Plague is caused by the bacteria Yersinia petis, which is transmitted from rodent to rodent by infected fleas. If bitten by an infected flea, a person usually develops a bubonic form of plague, which is characterised by a swelling of the draining lymph node. While bubonic plague is the commonest, there are also the septicaemic form and pneumonic form. Septicaemic plague occurs when infection spreads directly through the bloodstream, while the pneumonic form is the most virulent but least common. Plague also spreads from human to human by inhalation of aerosolised infective droplets, in the absence of flea or animal.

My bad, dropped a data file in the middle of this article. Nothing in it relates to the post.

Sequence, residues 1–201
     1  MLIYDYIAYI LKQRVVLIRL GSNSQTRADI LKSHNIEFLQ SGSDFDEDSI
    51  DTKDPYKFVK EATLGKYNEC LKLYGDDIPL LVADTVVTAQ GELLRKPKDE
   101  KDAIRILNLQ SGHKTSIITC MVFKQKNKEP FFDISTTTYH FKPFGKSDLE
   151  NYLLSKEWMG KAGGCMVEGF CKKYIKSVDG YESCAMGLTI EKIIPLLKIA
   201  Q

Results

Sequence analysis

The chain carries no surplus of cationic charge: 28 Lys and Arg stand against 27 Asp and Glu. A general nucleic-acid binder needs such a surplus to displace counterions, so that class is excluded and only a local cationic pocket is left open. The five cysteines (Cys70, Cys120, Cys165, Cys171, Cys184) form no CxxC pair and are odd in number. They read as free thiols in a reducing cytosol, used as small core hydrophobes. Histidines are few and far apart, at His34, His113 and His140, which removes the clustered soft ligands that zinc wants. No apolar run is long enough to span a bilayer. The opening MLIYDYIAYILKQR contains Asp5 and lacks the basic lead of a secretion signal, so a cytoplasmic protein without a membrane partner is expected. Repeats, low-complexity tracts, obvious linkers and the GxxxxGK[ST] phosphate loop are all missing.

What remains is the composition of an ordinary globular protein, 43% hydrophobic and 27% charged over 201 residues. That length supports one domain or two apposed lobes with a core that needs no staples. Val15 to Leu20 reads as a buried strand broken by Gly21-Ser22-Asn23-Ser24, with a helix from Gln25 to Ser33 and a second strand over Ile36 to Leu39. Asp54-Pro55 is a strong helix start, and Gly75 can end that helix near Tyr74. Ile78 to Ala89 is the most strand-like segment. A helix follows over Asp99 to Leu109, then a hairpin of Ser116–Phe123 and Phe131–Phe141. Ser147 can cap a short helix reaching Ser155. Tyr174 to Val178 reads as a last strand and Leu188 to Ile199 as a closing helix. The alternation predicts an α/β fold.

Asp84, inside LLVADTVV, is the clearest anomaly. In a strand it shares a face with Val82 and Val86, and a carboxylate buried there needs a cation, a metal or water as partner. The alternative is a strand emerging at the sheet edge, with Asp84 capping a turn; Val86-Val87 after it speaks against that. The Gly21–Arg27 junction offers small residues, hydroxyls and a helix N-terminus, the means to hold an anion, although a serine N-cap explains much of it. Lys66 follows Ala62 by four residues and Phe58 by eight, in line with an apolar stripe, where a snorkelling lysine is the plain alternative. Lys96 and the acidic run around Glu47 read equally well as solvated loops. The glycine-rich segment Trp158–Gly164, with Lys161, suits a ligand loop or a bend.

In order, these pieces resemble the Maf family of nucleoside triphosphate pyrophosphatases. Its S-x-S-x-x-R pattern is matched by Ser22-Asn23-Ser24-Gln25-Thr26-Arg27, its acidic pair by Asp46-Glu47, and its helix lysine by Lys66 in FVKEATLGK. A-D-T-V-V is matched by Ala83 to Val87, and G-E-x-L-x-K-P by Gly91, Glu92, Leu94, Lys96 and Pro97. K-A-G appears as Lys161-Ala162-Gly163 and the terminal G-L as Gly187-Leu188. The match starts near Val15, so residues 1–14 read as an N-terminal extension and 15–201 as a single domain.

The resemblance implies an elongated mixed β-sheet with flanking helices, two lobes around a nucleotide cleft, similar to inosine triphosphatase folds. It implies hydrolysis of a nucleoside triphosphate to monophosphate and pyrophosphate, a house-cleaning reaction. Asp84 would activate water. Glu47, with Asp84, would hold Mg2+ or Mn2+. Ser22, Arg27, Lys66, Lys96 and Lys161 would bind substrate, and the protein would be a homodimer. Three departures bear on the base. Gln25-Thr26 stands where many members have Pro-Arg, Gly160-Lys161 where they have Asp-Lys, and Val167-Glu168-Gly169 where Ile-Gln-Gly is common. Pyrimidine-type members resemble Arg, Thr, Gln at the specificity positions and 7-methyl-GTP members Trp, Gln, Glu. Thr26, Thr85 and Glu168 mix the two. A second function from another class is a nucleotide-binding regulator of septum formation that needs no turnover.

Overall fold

A Hong Kong outbreak of plague occurred in Tai Ping Shan of Sheung Wan District in 1894. In fact, the bubonic plague bacillus was isolated in Hong Kong at that time by Alexandre Yersin from France.